The District Court rejects the Lousiana Lt Governor’s suit against MoveOn relating to MoveOn’s parody of a Lousiana tourism slogan to criticize the Governor’s policy on medicare. Background here.
As to the Lt Governor’s argument that under a ‘cat is not in the hat’ theory, MoveOn was improperly borrowing the Lt Governor’s property to criticize someone other than the Lt Gov (namely the Governor), the Court noted in a footnote that ‘it is well established that the property of agency of the state is the property of the State itself.’ So, given that the Governor is the ‘chief policy maker for the state,’ there is a unity between the owner of the parodied work, and the target of the parody.
As to the argument as to who was confused about what, the court concluded that motorists did not understand the billboard to suggest that the state of Lousiana was criticizing the Governor. I’m not sure that’s the confusion that the Lt Gov. was alleging, but when you attack a non-commercial use, it is difficult to articulate a coherent theory of confusion, so it’s not shocking if the court was confused.
Is this suit sanctionable?
Discussion of reasonable hourly rates in the New York market.
A trademark is abandoned if its ‘use in commerce’ has been discontinued with no intent to resume use. The intent to resume use must be formulated without the three years of non-use. Plaintiff ceased use at the end of 2002. It attempted to sell the assets of the business in ’03 and ’04, but that is not trademark use. The website was operational until 2005, but plaintiff could not establish that goods or services were provided though or in connection with the website. Plaintiff two sales efforts in 2007, one a mass mailing, but those efforts were ‘isolated and not sustained.’ It didn’t help that they appear to come about one month after Google’s first use.
Bonus evidentiary point: Plaintiff wanted to enter screenshots from 2005, obtained from an archive service. It was prepared to offer the creator of the webpage itself, but didn’t have testimony from the archive service. Held: screenshots were not properly authenticated.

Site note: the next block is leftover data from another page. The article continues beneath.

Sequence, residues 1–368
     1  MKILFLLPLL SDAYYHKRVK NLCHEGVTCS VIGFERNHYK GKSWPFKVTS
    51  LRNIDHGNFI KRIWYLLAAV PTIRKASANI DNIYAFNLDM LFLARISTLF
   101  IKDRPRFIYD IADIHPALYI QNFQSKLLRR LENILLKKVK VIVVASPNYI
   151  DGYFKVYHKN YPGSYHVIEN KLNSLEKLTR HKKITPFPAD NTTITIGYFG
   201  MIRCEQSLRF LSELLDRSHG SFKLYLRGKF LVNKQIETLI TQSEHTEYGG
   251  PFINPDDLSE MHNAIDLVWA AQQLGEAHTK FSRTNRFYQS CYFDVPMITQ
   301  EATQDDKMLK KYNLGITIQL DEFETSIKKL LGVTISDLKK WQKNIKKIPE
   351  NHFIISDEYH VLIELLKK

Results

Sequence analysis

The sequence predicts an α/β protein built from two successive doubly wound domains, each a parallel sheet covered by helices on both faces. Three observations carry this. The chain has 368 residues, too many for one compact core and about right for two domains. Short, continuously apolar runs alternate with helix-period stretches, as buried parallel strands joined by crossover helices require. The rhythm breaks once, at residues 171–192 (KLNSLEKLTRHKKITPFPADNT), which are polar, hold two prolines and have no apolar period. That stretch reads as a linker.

Decker (owner of the Uggs brnad) claims trade dress and owns a design patent covering its ‘Bailey Button’ style, two versions of which are depicted on top. The Bailey Button style is characterized by: (1) suede boot styling, (2) overlapping of front and rear panels on the lateral side of the boot shaft; (3) curved top edges on the overlapping panels; (4) exposed fleece-type lining edging the overlapping panels and the top of the shaft; and (5) one or more buttons prominently featured on the lateral side of the boot shaft adjacent the overlapping panels.
Decker now sues Walmart for selling allegedly infringing boots. It is not clear to me from the exhibits in the complaint but I believe that the Brinley ‘wood toggle’ style depicted above bottom is one of the complained-of styles.
As I’ve said many times, High Pressure Processing (HPP) is a method of food processing where food is subjected to elevated pressures (up to 87,000 pounds per square inch or approximately 6,000 atmospheres), with or without the addition of heat, to achieve microbial inactivation or to alter the food attributes in order to achieve consumer-desired qualities. Plaintiff operates a chain of stores under the mark EVOLUTION FRESH, which sells juices, and promotes the fact that its juices are made using HPP. Defendant FRESHER EVOLUTION sells HPP equipment.
This page suggests that Urban Tortilla, which sells tortillas in San Francisco Airport, paid $299 for the spiffy U in circle logo above. They have now been sued by the Union of Orthodox Jewish Congregations, owner of the U in circle certification mark that indicates that food is kosher. Among the foods prohibited under the kosher laws are anything that combines dairy and meat, so a cheese and beef burrito is right out.